Virtual Kidnap: An evolving crime with cases on the rise



‘Virtual kidnap’ is a crime that has developed and changed over the past five years and is prevalent particularly in Mexico but also throughout Latin America and isolated incidents have been reported in the USA. Our Response experience of these cases has shown that there is no ‘typical case’, however, there are similarities. 

Outlining the original Modus Operandi

The original method started with the ‘kidnappers’ randomly cold calling lists of numbers. Upon connection, the extortionist would play an audio recording of a person – often a child – under duress, usually screaming or shouting. Without allowing any verification, the caller would claim that they were in possession of a loved one before demanding a relatively small ransom for their safe release with a short deadline to pay.

For the ‘kidnap’ to work, the ransom had to be small enough to be attainable for most people, and to attract no suspicion during an online transfer. Throughout the ordeal, the extortionist occupied the victim’s phone line at all times, preventing them from contacting their loved one. Once the funds had been received, the call ended. The victim then made an all-out effort to contact their loved one, only to find that they were completely fine and were never in any danger whatsoever.

An evolving concern

In a concerning evolution of the crime, ‘kidnappers’ now use the initial phone call to coerce their victim into simulating their own kidnap. Victims answer the phone, only to be threatened that they are being shadowed by someone who will kill them unless they follow instructions. The victim is directed to a private place to pose for photographs that simulate their own imprisonment, before these are sent to family members as proof of capture. The same process is then followed, keeping the victim on the phone so they cannot be contacted until the ‘ransom’ is received.

The term ‘virtual kidnap’ is perhaps a misnomer – it is much better understood as a traditional form of extortion. Knowing this, it is important to consider what makes this organised extortion scam effective. In its present form – self isolation – its success is largely predicated on the victim’s fear of dangers within the place they are presently operating; travellers or contractors working away from home are the usual targets.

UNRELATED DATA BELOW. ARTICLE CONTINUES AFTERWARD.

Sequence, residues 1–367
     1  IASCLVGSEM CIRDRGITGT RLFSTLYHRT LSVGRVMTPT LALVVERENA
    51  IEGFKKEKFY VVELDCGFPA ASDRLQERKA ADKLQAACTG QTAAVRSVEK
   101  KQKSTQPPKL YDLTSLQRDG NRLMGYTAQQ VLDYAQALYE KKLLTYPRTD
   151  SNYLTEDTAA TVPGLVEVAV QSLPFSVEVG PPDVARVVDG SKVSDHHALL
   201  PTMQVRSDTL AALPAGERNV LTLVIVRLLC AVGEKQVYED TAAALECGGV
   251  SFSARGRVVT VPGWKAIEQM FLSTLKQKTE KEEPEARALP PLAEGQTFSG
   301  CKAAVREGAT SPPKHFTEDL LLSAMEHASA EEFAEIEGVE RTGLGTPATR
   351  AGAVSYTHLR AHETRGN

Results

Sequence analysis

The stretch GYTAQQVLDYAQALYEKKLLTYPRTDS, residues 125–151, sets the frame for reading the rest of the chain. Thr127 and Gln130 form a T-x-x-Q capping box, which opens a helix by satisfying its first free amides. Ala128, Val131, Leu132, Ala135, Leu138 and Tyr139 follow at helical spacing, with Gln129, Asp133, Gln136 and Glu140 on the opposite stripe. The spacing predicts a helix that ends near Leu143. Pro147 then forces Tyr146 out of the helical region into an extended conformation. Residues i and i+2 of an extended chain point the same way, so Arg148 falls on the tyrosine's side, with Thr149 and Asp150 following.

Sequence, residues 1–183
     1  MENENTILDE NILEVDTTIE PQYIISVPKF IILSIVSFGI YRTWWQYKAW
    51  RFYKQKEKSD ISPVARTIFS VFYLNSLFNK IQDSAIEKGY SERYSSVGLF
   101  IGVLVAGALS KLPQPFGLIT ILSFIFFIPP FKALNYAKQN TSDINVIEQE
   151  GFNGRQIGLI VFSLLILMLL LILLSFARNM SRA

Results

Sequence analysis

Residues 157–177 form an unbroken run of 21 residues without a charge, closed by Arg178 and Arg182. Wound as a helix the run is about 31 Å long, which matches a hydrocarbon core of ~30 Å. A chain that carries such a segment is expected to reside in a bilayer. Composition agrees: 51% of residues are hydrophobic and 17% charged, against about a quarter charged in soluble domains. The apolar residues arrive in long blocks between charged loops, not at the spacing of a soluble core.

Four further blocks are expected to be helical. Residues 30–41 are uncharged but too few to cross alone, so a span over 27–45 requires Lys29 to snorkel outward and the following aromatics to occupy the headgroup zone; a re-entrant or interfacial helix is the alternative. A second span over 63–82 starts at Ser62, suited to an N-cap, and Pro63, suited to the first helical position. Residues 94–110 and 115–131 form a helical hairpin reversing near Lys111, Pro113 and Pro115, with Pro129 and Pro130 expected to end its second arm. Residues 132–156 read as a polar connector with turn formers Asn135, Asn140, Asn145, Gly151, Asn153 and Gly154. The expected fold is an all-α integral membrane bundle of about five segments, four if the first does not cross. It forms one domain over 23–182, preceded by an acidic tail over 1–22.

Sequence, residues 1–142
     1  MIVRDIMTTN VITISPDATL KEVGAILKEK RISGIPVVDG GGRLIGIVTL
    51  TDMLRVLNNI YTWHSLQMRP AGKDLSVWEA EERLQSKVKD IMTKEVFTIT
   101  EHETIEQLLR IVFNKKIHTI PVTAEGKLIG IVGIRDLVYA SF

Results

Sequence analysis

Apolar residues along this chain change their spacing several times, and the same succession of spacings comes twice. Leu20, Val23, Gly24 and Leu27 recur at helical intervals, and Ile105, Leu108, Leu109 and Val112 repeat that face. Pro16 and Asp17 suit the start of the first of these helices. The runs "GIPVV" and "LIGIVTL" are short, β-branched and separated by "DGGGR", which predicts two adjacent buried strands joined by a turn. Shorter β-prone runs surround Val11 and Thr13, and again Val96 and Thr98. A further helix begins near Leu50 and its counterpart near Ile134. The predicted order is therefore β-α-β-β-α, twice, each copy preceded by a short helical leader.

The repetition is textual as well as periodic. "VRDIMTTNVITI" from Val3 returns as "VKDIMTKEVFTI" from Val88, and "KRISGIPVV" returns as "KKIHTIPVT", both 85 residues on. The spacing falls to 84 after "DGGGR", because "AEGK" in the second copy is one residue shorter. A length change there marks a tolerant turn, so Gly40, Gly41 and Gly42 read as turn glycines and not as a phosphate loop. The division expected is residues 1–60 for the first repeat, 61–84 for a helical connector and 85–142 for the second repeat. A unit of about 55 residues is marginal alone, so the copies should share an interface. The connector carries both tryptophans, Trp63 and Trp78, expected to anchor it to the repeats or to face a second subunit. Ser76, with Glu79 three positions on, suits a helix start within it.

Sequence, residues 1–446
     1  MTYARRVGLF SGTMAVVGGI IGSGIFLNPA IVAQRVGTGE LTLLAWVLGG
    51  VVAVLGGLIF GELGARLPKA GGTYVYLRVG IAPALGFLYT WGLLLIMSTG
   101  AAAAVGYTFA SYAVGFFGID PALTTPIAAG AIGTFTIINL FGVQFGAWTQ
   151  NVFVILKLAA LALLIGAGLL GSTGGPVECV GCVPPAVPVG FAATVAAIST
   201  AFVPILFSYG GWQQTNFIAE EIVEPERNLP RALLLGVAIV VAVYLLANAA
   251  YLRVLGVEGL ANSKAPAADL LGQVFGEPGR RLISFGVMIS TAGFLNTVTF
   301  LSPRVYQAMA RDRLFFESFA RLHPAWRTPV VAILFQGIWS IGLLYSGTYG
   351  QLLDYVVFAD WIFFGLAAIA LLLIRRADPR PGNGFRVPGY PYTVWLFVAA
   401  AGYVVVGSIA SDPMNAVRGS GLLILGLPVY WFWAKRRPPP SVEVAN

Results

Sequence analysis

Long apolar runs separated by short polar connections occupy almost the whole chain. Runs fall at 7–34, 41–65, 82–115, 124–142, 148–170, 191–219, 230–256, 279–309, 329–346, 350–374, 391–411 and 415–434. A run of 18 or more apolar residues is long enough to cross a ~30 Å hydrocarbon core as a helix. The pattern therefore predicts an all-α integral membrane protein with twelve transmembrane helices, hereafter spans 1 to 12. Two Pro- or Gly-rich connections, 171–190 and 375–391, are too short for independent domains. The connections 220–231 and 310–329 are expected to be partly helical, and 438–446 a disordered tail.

NYA has recorded an unprecedented increase in the number of this version of successful virtual kidnappings over the past 24 months, but this does not reflect how many attempts must be being made. Perpetrators are very often low-level cartel members in Mexican prisons, with nothing more than a contraband mobile and time on their hands. With the number of attempts probable in what resembles an industrialised extortion operation, it is no surprise that a small percentage of victims, captured by fear, fall for the trap.

Defeating virtual kidnap

Fear is the engine of any extortion attempt, and fear can only be generated by an apparent credible threat. Therefore, the most important method of defeating such an extortion attempt is to degrade the credibility of the extortionist. Virtual kidnap is shown to work best in societies with high levels of impunity. Though there are a growing number of cases reported in the USA (though to be honest, mostly within Spanish speaking communities), the vast majority of cases take place in Mexico and other Latin American countries, where the threat and reach of organised crime is very real, and very dangerous. Promoting trust in the capabilities of law enforcement is therefore critical to preventing the conditions whereby schemes such as these become endemic.

Prevention and mitigation

If you are suspicious that you or someone close to you is being targeted in a ‘virtual kidnap’, end the call immediately and do not answer any further calls from unknown numbers. However, it is normal to be uncertain (it is what the perpetrators play on), so should you continue to engage in a verbal exchange:

  • Slow everything down. In a real physical kidnap the perpetrators are not in a hurry. Create excuses that money cannot be found quickly and push a promise to pay into the next day – the longer it takes to pay, the more likely it is that the virtual aspect of the kidnap will collapse
  • Demand to speak with the victim at length
  • If allowed only a short conversation, immediately state that if they have never seen their abductors they should cut any call and phone you
  • If the request for a proper conversation with the victim is refused, disconnect the call and do not answer subsequent calls
  • Alert anyone else likely to be contacted demanding a ransom (family / friends / managers)
  • Immediately make an all-out effort to contact the victim (e.g., call, text, friends, relatives, school, work)
  • If applicable, contact someone who can carry out a physical check of the last place you knew the victim to be (e.g. the hotel’s duty manager)
  • Review any incoming telephone calls and do not answer unknown numbers
  • If prepaid mobile phone credit is demanded, be assured it is a scam – the caller is most likely in jail where phone credit is the lifeblood of the scheme
  • Google the telephone number the extortionist is calling from – many numbers have been posted as being used in extortions

To find out more about how NYA can help you build your capability and prevent the risk of virtual kidnap, contact us here.

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